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Re: Thecodont questions

Larry Dunn wrote:

> Thecodonts.  Those guys leave me scratching my head sometimes.  Like 
> now.
> 1) Why did Postosuchus k. have that massive supraorbital ridge?  Has 
> anyone hypothesized yet?  This wasn't typical of Rauisuchids, was it? 
> If not, why did  P. develop these?

Chatterjee's Postosuchus kirkpatricki skull reconstruction indeed 
shows a rugose ridge over the entire length of the skull roof, which 
is not present in other rauisuchid reconstructions (e.g. Ticinosuchus 
and Saurosuchus) (there is currently quite some discussion whether 
Postosuchus is a 'true rauisuchid' or a poposaurid). However as far 
as I know there is (apart from Postosuchus) not a complete rauisuchid 
skull known, and all published figures are extensively reconstructed, 
so to give an answer one should best look at the original material.
Perhaps some professional on this list can give a more accurate 
As far as the function of this ridge concerns, I haven't read 
anything about it but I'd suppose (speculation of course) it was the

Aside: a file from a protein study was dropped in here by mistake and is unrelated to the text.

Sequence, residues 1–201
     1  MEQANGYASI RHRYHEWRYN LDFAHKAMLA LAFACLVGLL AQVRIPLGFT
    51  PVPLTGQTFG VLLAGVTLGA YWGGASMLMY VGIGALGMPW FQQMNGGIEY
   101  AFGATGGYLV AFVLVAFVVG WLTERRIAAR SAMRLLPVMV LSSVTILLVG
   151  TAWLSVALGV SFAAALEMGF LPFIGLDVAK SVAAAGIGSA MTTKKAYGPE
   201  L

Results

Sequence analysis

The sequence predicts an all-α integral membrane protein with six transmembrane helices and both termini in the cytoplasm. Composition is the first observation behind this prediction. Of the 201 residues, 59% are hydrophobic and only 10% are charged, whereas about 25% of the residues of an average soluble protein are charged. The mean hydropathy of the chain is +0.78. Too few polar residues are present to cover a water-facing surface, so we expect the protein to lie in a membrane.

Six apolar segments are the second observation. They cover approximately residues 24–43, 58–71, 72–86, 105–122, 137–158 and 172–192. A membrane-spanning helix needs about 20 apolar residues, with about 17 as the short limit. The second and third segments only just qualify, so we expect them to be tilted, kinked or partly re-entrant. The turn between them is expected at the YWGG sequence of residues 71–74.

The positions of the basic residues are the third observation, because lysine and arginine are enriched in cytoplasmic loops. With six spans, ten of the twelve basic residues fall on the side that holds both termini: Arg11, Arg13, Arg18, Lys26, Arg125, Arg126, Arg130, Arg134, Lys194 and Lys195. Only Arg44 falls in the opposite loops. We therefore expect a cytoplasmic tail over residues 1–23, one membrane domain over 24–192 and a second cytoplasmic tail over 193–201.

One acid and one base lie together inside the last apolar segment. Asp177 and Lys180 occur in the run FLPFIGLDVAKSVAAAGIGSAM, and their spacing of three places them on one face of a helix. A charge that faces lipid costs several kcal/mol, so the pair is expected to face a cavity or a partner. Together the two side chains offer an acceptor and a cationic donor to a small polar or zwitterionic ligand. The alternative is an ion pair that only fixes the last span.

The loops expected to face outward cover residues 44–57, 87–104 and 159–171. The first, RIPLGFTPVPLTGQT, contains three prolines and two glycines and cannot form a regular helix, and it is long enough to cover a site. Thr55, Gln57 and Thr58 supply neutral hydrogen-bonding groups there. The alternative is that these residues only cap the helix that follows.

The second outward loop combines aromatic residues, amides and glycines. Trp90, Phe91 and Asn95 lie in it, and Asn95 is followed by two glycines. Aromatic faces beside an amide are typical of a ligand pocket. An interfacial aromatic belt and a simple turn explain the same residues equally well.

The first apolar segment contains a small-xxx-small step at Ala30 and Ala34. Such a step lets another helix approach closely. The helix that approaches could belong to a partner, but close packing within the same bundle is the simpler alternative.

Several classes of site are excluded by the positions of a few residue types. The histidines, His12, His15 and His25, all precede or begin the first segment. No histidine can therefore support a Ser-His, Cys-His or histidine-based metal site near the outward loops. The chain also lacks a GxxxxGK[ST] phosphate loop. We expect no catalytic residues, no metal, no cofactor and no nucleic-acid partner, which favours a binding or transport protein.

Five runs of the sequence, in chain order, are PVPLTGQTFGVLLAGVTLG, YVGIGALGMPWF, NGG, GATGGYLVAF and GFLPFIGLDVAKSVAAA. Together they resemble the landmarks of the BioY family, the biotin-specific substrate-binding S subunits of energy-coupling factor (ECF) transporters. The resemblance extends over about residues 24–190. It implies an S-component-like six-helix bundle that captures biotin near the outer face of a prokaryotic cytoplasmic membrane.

same of the cranial ornaments in e.g. neoceratosaurs, allosaurs and 
intraspecific display.

> 2) How are the forelimbs of Desmatosuchus best described (choose 
> one):
> -a bit longer than hindlimbs
> -same length as hindlimbs
> -a bit shorter than hindlimbs
> -much shorter than hindlimbs

In Desmatosuchus haplocerus, the best known D. species, the forelimbs 
seem to be about half as long as the hindlimbs, and quite more 
gracile, the animal however undoubtedly being an obligate quadruped. 
In Long and Murry's 'Carnian and Norian tetrapods from the 
American Southwest' a figured humerus measures about 25cm, the femur 
about 40cm. In the same volume a figured reconstruction of D. has 
about the same limb proportions as in the well known 'Stagonolepis 
reconstruction' which you find in every handbook. 
However, I seem to remember Chatterjee mentioned a new, highly 
derived Desmatosuchus species found in the Dockum near Post (Texas) 
which he tentatively attributed a facultative bipedal posture (in 
Padian's 'The beginning of the Age of Dinosaurs'); I haven't heard 
anything more of this unfortunately, maybe someone else has.

Pieter Depuydt